Chief of Naval Operations Adm. Jon Greenert outlined in a speech last week what the Navy would hope to see in a next-generation strike aircraft. Tellingly, Greenert’s ideal bears little resemblance to the trillion-dollar F-35, as David Larter reports for the Navy Times.
For instance, the most senior naval officer in the U.S. Navy said that “stealth may be overrated,” a statement that could interpreted as a swipe at the troubled F-35.
“What does that next strike fighter look like?” Greenert said during the speech in Washington. “I’m not sure it’s manned, don’t know that it is. You can only go so fast, and you know that stealth may be overrated … Let’s face it, if something moves fast through the air, disrupts molecules and puts out heat — I don’t care how cool the engine can be, it’s going to be detectable. You get my point.”
Greenert’s has a long-standing skepticism of stealth, which he believes will not be able to keep up with advances in radar technology. In 2012, Greenert wrote that “[i]t is time to consider shifting our focus from platforms that rely solely on stealth to also include concepts for operating farther from adversaries using standoff weapons and unmanned systems — or employing electronic-warfare payloads to confuse or jam threat sensors rather than trying to hide from them.”
Greenert’s position on the questionable utility of stealth meshes with what certain figures in the U.S. defense industry are saying, with Boeing taking the view that electro-magnetic warfare and the use of jamming technology is fundamentally more important than stealth. Boeing and Lockheed Martin, the company that produces the F-35, often compete for similar military contracts.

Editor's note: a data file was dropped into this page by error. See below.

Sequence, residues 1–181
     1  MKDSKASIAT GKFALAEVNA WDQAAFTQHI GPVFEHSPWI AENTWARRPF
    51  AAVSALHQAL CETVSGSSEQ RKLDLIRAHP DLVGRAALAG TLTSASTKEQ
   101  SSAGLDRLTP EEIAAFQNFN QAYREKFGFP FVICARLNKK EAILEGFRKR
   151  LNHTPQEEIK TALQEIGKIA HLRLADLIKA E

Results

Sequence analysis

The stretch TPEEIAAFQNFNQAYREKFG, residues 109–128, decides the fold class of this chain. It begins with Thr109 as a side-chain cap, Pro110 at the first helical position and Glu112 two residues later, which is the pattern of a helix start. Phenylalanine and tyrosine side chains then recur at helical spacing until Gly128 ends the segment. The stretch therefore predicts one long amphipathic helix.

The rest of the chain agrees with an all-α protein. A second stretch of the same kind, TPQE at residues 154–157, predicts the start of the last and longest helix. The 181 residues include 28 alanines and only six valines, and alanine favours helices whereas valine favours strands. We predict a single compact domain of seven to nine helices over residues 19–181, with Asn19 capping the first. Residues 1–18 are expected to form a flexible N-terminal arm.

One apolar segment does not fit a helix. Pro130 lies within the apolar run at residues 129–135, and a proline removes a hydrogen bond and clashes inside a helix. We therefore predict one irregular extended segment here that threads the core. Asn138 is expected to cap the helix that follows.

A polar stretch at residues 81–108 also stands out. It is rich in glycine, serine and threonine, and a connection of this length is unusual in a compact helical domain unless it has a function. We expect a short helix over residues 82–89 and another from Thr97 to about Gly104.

“Today is kind of a paradigm shift, not unlike the shift in the early part of the 20th century when they were unsure of the need to control the skies,” Mike Gibbons, the vice president for Boeing’s F/A-18 Super Hornet and EA-18G Growler programs, told Business Insider. “Today, the need to control the EM [electro-magnetic] spectrum is much the same.”
“Stealth technology was never by itself sufficient to protect any of our own forces,” Gibbons said.
Boeing’s EA-18G Growler specializes in disrupting enemy sensors, interrupting command and control systems, and jamming weapons’ homing systems.
Boeing believes that its Growlers compliment Lockheed’s F-35. Ultimately, the Navy remains lukewarm about the acquisition of the F-35. For 2015, the Navy ordered only two F-35s, which which lawmakers increased to four. The Marines requested six and the Air Force ordered 26 of the planes for the coming year.